November 22, 2013

Questions and Answers: What's wrong with wind energy?

1. The National Wind Watch home page says, “because of the wind’s low density, intermittency, and high variability, [large-scale wind turbines] do next to nothing for reducing carbon and other emissions or dependence on other fuels”. Could you go into a bit more detail about this and present any links you have for evidence?

The power of the wind is 1/2 of area (turbine rotor diameter) × air density × wind speed cubed. There is a theoretical physical limit (Betz’ law) that no more than 16/27, or 59.3%, of the wind’s energy (power × time) can be captured. Modern wind turbines may reach 50% efficiency, but only within a certain range of wind speeds, which appear to be the average speeds for which the turbines are designed, but at which speeds they generate at only a fraction (around 1/3) of their maximum rate. As the wind speed increases, the rotors are increasingly feathered and efficiency plummets.

The brochure for Enercon turbines includes graphs showing the efficiency vs. wind speed.

In addition to being limited by Betz’ law, wind turbines must not interfere with each other, so they must be spaced quite far apart. The minimum distance is generally considered to be 3 rotor diameters perpendicular to the wind (possible only where wind is unidirectional) and 10 rotor diameters parallel to the wind. See, eg, Thus in an array of, say, 90-meter-diameter turbines (the blades of each machine sweeping a vertical airspace of 1.57 acres), each machine would require 810,000 square meters around it, or 200 acres. From that 200 acres, assuming a 2-MW turbine and an average rate of generation 25% of capacity (see for U.S. averages; they are generally quite a bit less in Europe), the average power density is only 2.5 kW/acre.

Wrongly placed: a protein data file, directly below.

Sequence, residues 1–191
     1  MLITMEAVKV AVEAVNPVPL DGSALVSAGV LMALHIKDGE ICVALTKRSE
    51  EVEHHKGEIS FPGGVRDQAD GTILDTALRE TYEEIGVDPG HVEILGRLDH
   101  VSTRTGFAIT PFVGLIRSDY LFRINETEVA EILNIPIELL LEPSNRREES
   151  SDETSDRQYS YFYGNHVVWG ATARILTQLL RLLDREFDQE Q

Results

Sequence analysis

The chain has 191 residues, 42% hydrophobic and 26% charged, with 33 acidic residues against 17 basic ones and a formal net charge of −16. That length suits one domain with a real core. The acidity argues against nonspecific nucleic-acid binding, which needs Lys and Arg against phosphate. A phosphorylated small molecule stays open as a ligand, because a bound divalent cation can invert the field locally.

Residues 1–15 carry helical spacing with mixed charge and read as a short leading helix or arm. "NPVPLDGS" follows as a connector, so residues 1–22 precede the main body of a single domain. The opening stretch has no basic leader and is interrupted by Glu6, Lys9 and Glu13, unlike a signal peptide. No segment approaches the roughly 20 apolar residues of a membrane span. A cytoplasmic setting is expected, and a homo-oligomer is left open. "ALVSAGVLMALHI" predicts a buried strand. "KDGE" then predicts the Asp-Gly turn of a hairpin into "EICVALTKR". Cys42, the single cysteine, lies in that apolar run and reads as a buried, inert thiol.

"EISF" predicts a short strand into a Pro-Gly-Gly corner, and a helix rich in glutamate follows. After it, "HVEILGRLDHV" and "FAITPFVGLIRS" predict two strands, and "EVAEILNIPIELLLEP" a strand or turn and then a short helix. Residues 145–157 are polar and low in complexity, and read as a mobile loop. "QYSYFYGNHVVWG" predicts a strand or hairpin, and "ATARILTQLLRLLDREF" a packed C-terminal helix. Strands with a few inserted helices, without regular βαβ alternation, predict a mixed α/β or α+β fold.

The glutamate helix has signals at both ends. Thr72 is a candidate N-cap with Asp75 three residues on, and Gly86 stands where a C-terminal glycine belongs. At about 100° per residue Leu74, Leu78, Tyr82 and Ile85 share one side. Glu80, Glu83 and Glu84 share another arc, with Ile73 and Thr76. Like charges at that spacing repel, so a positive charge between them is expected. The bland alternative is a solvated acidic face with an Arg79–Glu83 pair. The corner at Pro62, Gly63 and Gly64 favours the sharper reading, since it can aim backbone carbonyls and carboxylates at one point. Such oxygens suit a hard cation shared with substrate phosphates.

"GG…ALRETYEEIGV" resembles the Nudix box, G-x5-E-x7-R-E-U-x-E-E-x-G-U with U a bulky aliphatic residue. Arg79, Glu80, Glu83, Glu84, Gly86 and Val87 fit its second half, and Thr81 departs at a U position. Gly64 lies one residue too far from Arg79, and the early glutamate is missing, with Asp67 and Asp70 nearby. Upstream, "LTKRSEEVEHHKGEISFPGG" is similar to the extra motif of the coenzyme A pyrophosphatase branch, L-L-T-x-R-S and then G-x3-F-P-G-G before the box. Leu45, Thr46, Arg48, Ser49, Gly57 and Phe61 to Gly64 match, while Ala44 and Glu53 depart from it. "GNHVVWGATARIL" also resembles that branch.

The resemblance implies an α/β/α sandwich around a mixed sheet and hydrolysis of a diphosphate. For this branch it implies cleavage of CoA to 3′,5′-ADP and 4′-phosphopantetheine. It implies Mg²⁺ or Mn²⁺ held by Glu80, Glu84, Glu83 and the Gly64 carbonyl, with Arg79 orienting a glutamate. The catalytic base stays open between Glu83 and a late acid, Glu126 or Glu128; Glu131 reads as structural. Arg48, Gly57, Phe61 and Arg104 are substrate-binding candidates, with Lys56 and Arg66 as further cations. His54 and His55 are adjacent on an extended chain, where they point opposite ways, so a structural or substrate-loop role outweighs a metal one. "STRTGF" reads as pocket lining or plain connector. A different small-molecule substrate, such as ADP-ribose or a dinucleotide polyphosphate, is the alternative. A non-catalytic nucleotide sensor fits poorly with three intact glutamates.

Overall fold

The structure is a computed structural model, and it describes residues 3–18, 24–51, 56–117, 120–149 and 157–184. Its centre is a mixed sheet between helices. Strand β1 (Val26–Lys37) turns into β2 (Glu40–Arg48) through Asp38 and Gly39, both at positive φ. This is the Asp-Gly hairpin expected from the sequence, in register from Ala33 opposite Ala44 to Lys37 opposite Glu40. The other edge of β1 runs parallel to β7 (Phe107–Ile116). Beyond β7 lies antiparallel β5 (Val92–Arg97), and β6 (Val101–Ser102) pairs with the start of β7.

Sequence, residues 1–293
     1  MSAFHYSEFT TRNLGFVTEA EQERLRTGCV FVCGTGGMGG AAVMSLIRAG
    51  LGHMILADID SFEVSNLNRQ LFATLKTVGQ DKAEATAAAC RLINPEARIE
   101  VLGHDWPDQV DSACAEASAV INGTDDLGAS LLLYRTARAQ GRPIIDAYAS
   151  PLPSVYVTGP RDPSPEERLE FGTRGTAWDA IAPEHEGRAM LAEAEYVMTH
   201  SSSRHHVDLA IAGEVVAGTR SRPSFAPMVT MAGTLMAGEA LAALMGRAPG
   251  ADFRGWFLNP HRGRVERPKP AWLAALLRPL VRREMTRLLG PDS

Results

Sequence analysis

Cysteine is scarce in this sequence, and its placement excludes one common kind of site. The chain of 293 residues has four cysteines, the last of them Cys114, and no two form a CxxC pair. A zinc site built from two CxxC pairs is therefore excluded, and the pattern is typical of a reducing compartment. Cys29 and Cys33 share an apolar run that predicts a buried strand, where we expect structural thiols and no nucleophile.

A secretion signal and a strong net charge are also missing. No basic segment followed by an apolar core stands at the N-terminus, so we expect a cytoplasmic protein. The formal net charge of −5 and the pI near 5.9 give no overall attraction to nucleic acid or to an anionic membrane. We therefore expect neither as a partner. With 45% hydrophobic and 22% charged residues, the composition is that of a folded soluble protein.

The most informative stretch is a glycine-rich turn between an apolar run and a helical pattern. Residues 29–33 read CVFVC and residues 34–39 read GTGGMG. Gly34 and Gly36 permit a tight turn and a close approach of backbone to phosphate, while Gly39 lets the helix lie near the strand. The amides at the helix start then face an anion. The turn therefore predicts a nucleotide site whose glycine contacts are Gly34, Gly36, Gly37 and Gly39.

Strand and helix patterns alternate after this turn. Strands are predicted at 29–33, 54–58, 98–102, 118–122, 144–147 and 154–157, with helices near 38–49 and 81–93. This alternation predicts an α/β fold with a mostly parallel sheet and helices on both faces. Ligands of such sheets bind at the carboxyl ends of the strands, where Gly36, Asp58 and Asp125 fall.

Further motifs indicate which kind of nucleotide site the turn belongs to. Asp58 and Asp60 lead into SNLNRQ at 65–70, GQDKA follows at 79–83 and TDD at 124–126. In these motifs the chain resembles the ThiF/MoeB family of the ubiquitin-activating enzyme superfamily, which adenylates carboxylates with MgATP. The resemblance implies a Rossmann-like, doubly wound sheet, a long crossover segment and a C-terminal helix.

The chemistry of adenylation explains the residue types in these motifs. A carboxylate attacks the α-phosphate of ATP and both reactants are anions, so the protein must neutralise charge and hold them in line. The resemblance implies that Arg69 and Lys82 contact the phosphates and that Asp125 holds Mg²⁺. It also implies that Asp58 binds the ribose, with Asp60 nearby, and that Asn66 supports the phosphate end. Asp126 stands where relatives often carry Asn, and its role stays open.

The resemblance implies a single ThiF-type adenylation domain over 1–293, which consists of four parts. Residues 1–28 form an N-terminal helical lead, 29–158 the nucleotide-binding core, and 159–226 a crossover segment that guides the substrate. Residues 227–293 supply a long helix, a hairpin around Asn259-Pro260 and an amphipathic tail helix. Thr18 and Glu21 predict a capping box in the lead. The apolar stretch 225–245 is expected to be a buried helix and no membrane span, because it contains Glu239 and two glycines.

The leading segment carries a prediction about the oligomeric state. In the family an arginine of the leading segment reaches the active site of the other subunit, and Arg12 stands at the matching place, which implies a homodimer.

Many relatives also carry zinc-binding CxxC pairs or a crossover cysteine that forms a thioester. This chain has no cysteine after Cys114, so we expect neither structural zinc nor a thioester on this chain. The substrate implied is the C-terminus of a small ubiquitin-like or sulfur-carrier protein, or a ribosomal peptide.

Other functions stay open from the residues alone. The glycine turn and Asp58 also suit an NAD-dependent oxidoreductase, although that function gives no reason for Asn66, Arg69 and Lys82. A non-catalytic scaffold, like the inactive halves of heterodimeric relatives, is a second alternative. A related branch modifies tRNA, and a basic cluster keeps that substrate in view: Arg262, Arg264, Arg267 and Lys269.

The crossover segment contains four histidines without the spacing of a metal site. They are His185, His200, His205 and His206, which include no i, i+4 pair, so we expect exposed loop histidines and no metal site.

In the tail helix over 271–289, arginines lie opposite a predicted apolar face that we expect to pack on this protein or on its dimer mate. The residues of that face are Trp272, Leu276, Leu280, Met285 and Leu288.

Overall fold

Furthermore, that wind energy is intermittent, meaning other sources of electricity must be available, and variable, meaning other sources must be kept running to be ramped up and down as needed to keep the electricity supply exactly matched to demand. This means that wind is only adding to the grid and then causing other generators to run less efficiently, including burning fuel while not generating electricity. See and

2. Pertaining to health — I’ve heard very mixed messages about whether the health effects are of legitimate concern and I would like to hear your take on it. ... Any scientific information would be great!

21 published (peer-reviewed) studies:
10 non-industry, non-government reviews:

One hitch has been the term “annoyance” as used in these studies. In epidemiology it means to a degree that can cause health problems. The wind industry has instead used its colloquial meaning to characterize the problem as something people just need to get used to.